Jump to: Overview, Eligibility, Student Eligibility , How to Apply, What to Expect After Applying,  Outside Help.

Supplemental Nutrition Assistance Program (SNAP) - What Is It?

SNAP, previously called food stamps, offers monetary assistance for the purchase of food. Individuals found eligible are issued a Montana Access Electronic Benefits (EBT) debit card that is reloaded monthly by the state for the purchase of food.

The average benefits are $361 per month for the average household of three in Montana with a set minimum of $23 per month. Benefits rollover each month, meaning unused balances from previous months can be utilized in future months. The amount of assistance received varies by household size and income. The benefits are geographically confined to the state and cannot be used to purchase food in other states. There are additional eligibility requirements for college students enrolled in SNAP -- see 'Student Specific Eligibility' below for more information.


SNAP eligibility is income-based. While meeting the household requirements below may dictate eligibility, the only way to determine eligibility definitively is to fill out the Montana SNAP Application.

Each member of a household applying for SNAP must:

  • Be U.S. citizens or legal aliens.
  • Furnish or apply for a social security number.
  • Meet the income and resource guidelines listed in this overview.
    • The individual maximum income level to qualify for SNAP is $30,120. To determine larger household's income maximum, use 200% of the Federal Poverty Level for the number of people in the household.
  • *Additional eligibility requirements/expansions may apply based on individual circumstances, including student-status, parenting status, work status, and more. See Student Specific Eligibility below. 

Some applications are expedited due to extenuating circumstances. Identified circumstances include:

  • Income < $150 and Savings/Cash is ≤ $100.
  • Income + Resources < Rent + Mortgage + Utilities
  • Destitute Migrant/seasonal worker with liquid resources < $100

Student Specific Eligibility 

The Office of Public Assistance and the DPHHS define college students as an individual enrolled part-time or more. At MSU, this means taking 6+ credits as an undergraduate student, or 5+ credits as a graduate student.

  • MSU part-time is between 6 and 12 credits for undergraduate students and between 5 and 9 credits for graduate students. MSU full-time is 12+ credits for undergraduate students and 9+ credits for graduate students.
  • Individuals enrolled under the part-time credit load must meet non-student eligibility requirements.

In addition to general eligibility requirements, college students must also meet one of the following:

  • Be under 18 or over 50 years of age.
  • Have a physical or mental disability.
  • Receive TANF.
  • Work an average of 20 hours per week for pay.
  • Full-time student that is also a single parent with a child under 12.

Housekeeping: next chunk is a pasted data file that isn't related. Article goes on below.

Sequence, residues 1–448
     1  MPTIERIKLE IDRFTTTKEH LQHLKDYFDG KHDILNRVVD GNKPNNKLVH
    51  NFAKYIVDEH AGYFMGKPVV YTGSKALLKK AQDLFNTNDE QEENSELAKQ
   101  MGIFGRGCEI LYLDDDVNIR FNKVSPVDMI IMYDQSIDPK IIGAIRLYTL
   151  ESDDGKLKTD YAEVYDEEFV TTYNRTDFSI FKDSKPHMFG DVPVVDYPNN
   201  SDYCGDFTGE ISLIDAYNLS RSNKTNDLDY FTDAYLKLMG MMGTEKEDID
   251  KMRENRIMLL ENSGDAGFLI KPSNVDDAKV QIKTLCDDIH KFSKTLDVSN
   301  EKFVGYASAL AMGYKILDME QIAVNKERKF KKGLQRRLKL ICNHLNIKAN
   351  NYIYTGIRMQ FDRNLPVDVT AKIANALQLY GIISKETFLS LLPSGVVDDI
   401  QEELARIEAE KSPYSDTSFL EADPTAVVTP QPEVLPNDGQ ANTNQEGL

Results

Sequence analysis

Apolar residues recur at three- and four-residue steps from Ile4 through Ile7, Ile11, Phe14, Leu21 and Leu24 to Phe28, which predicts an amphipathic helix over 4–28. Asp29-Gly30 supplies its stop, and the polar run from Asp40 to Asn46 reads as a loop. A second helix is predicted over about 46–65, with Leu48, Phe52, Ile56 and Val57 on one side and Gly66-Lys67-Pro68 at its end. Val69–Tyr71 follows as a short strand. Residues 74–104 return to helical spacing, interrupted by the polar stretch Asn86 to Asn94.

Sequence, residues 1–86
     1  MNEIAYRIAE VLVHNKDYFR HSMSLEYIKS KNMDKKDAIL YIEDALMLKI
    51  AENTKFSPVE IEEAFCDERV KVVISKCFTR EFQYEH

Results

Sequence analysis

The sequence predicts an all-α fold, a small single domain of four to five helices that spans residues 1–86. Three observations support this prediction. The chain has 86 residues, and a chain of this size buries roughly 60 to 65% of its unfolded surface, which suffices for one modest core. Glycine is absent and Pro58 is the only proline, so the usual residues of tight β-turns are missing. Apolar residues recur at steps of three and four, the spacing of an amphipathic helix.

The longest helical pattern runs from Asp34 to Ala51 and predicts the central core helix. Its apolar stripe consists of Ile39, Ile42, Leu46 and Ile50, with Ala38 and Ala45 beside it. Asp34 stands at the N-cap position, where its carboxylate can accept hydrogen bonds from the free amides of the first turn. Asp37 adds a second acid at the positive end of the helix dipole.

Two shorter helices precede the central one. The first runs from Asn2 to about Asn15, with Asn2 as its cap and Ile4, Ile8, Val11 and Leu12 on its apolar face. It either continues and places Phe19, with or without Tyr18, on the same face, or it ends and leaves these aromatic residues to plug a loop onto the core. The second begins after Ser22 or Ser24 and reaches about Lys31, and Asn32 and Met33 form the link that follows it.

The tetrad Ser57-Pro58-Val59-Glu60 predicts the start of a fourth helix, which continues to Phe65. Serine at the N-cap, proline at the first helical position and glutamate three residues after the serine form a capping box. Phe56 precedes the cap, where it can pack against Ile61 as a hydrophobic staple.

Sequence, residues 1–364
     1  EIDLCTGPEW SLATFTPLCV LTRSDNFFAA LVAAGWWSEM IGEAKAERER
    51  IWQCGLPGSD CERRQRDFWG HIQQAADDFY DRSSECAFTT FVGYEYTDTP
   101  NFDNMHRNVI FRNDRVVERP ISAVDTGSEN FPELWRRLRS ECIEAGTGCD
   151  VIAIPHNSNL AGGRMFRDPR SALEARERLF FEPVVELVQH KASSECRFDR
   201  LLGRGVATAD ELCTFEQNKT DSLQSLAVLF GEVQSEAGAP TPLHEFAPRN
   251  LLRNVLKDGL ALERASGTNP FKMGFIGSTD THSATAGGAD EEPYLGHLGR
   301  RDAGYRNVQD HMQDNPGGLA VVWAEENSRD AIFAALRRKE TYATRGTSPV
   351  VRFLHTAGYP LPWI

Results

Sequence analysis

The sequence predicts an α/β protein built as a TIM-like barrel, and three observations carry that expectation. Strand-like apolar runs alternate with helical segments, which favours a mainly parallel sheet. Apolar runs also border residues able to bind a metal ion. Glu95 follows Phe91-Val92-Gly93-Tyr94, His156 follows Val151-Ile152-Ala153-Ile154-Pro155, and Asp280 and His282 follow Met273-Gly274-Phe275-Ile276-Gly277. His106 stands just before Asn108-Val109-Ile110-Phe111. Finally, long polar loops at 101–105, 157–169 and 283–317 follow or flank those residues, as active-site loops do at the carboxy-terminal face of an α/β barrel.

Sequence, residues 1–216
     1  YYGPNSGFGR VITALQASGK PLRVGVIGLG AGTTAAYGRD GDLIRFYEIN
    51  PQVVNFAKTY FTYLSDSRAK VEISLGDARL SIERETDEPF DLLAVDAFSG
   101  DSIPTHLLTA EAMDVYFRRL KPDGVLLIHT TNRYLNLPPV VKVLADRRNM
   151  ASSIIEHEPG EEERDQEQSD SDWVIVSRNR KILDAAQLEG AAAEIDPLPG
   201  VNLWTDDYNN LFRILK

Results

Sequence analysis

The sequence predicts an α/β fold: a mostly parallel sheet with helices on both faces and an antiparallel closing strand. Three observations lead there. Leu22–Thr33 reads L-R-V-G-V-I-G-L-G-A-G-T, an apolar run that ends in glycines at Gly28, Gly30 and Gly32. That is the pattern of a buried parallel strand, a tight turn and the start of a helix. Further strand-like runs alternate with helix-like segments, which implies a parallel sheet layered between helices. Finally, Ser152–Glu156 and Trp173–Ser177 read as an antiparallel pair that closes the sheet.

• Care for a child under 6.
  • Care for a child 6-11 years old and lack enough available childcare.
  • Participate in work study during the school year (number of hours is irrelevant).


The Application Process

The SNAP application is available online or can be picked up at the Office of Public Assistance.

  • The application is the same as TANF and Medicaid assistance application with the Department of Public Health and Human Services.
  • The application process takes anywhere from 30-60 minutes to complete.
  • Student Specific Tip: "Household" refers to those who you live with, purchase food with, and prepare meals with. If you do not share food resources with a roommate, they do not count as a household member within the SNAP application. 

Materials to have on hand before starting the application:

  • Fiscal information about the household.
  • Monthly income and sources.
  • Household net worth.
  • Rent and utilities expenses per month.
  • Household employment history.

What to Expect After Applying

  • After applying, the Office of Public Assistance (OPA) will call you for a phone interview. Phone interviews are conducted to verify information given in your application.
  • If the OPA call goes unanswered, you must contact the OPA to reschedule the phone interview within 30 days of your original application. If the 30-day window closes and you did not make your phone interview, you must reapply.
    • Getting through to the OPA can be challenging. There has been success calling first thing in the morning to be first in the queue, although hold times can often last hours. 
    • If you prefer to conduct your SNAP interview in-person, you can also visit our local OPA at 12 N 3rd Ave., Bozeman, MT 59715, and request an in-person SNAP interview.
    • During the application process the OPA is the primary point of contact when applying for SNAP. After approval, The Department of Health and Human Services administers your benefits.
  • If approved, EBT cards are generally sent out within 30 days of approval.
  • Eligibility is determined yearly with a recertification process. 

Outside Resources

Additional SNAP Programs

There are programs within SNAP that add benefits, Double SNAP matches SNAP dollars up to $30 for use at participating farmers markets. This additional money is issued as tokens that can be used to purchase fruits, vegetables seeds, and plant starters.